Potential Trade Packages and Landing Spots for Lakers' Kyle Kuzma
Following this summer's acquisition of Anthony Davis, the Los Angeles Lakers' eventual shopping of Kyle Kuzma felt inevitable.
Unloading much of the young core for a superstar sped up L.A.'s timeline. And Kuzma was suddenly the only contract on the roster that resembled a trade asset.
If the Lakers needed to upgrade midseason, Kuzma would almost have to be involved.
Well, they may have reached that point.
"Will Lakers general manager Rob Pelinka eventually send [Kuzma] packing to upgrade the Lakers' roster for a title run?" The Athletic's Sam Amick wrote. "As our Shams Charania reported Friday, teams are monitoring his situation and wondering whether he can be had before the Feb. 6 trade deadline. What's more, sources now say the Lakers have shown a recent willingness to listen to pitches for Kuzma."
At 24, Kuzma may be a little older than some realize. And his defense has fluctuated between bad and dreadful throughout his career. But he is 6'8", averaged 18.7 points in his second season as a pro and showed flashes of three-point prowess as a rookie.
He may have some value on the trade market. For teams out of the playoff chase looking to unload veterans to contenders, maybe Kuzma could serve as a proxy for getting a second-round pick.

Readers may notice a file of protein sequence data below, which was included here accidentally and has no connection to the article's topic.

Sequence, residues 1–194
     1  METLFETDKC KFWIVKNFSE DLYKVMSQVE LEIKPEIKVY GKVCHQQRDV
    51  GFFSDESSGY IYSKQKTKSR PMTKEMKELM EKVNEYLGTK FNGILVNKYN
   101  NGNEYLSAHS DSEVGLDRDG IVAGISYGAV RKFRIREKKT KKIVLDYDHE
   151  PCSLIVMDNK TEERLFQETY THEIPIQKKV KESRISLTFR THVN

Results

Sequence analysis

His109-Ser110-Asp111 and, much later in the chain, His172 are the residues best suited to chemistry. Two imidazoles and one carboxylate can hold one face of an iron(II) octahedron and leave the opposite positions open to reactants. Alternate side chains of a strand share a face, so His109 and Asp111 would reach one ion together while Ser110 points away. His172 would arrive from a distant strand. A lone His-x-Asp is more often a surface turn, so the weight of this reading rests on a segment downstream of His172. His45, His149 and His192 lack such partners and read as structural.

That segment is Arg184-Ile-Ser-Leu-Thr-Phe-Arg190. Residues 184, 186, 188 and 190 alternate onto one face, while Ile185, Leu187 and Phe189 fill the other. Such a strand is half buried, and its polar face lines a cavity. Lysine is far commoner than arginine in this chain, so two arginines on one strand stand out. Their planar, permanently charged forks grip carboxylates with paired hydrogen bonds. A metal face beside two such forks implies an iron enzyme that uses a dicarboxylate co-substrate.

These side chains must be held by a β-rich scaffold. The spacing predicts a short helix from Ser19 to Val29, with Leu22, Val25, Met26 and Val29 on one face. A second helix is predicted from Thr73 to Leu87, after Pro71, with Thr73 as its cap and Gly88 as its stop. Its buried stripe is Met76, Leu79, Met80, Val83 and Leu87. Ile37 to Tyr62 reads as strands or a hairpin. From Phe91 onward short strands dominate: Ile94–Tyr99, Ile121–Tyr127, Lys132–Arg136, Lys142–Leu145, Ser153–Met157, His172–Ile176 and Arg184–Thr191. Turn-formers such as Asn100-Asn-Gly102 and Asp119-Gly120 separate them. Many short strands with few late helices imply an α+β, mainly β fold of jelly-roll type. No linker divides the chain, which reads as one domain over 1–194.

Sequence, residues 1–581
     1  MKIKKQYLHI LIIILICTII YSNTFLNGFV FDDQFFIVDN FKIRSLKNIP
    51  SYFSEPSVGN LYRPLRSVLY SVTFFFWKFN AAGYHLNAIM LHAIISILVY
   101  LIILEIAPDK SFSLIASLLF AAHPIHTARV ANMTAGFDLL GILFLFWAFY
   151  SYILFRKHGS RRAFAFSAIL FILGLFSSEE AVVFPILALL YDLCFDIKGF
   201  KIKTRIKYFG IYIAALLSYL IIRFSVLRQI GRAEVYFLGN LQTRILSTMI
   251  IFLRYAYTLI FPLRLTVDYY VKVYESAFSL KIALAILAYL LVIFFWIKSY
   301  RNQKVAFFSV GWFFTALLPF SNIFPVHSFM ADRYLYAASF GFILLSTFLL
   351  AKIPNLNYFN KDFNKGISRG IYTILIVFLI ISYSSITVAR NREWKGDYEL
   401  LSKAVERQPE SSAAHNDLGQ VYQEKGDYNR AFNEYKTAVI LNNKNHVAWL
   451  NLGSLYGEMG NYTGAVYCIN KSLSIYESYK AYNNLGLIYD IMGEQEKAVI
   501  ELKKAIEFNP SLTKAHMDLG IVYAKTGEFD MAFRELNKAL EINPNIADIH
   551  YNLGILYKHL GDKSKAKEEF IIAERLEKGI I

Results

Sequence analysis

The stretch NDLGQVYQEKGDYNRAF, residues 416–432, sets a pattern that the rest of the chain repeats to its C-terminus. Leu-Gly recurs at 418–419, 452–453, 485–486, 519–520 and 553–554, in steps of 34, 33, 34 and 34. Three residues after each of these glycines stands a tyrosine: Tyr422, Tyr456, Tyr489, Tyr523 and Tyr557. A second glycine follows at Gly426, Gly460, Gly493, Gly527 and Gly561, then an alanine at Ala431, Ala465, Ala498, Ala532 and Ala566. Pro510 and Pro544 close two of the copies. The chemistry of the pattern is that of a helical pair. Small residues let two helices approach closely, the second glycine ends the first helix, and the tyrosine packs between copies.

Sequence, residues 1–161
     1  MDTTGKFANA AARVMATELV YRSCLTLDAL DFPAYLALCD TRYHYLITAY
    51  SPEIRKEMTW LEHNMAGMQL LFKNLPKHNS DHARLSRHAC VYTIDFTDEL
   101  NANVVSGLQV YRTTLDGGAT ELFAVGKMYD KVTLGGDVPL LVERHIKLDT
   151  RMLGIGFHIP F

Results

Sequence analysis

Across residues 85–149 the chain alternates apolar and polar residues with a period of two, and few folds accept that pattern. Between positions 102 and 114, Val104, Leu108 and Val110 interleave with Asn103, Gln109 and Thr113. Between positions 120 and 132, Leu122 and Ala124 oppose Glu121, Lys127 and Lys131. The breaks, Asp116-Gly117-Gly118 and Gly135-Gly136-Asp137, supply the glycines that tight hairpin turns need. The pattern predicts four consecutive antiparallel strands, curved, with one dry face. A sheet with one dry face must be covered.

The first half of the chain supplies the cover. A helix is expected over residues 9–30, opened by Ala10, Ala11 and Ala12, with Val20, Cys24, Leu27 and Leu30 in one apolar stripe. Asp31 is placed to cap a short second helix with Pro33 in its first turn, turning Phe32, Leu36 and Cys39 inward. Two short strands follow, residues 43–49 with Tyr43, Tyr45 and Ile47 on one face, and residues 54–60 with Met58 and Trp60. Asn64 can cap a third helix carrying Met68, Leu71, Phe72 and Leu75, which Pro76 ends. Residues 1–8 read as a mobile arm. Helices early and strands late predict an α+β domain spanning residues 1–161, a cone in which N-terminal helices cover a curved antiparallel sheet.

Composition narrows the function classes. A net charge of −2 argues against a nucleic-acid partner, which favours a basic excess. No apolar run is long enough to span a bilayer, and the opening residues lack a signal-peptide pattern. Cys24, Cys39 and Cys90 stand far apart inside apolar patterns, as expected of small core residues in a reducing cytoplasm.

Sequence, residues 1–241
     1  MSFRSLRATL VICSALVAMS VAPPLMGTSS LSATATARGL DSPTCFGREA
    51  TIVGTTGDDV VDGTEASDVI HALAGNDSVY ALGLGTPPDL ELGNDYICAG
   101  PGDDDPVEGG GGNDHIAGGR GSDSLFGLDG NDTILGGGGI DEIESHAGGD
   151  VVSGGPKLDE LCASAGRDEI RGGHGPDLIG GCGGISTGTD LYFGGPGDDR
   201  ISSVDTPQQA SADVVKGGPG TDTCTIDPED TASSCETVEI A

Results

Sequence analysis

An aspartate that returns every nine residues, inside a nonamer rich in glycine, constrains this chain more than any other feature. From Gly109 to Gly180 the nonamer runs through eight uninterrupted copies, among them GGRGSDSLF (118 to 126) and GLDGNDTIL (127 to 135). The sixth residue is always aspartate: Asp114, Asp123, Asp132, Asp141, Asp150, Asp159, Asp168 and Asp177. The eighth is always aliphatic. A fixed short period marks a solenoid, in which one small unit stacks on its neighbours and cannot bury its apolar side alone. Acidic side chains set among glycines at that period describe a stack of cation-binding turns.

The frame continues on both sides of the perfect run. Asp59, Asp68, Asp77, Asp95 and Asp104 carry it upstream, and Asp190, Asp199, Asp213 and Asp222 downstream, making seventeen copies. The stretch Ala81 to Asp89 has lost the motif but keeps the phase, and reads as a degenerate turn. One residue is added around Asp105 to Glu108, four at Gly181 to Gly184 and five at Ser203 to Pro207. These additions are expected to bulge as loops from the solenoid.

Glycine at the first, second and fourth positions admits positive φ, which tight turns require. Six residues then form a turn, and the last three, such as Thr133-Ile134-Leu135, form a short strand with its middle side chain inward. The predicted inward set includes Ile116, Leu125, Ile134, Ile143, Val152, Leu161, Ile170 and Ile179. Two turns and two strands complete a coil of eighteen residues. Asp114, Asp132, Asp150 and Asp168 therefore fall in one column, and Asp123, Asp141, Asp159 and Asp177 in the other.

When scanning the league for teams that might have ambitions for turning Kuzma into an above-average player before he hits his prime, a handful emerges.
One note before we get to them, though. Because Kuzma's 2019-20 salary is so low (relative to other NBA players), you'll find Avery Bradley attached to him in most of the trade packages.
His inclusion doesn't move the needle one way or the other in a basketball sense (though he's been decent on defense for the Lakers), but his salary gets L.A.'s outgoing money close enough to the incoming contracts to satisfy the collective bargaining agreement's trade rules.
The Deal: Kyle Kuzma, Avery Bradley and a second-round pick for Bogdan Bogdanovic
"Sacramento is among the teams that has tried to engage the Lakers in Kyle Kuzma trade talks, league sources say," the New York Times' Marc Stein tweeted Monday. "The Kings know they would have to include sharpshooter (and soon-to-be restricted free agent) Bogdan Bogdanovic, for starters, in a Kuzma deal"
If your reaction to that news was some sort of "What?," join the chorus.
Bogdanovic is three years older than Kuzma, but over the last two seasons, he holds significant leads in box plus/minus, three-point shooting, assists and steals.
He's more accustomed to a role as a secondary creator than Kuzma is. His 1.16 points per spot-up possession ranks in the 81st percentile. And while he may not be a clear upgrade over Kuzma on defense, he offers the chance at another possession or two per game through steals.
As SiriusXM NBA's Justin Termine put it, "Bogdan Bogdanovic is a major upgrade over Kuzma."
Lest we do nothing but scoff at the Kings here, let's try to figure out what they might be thinking.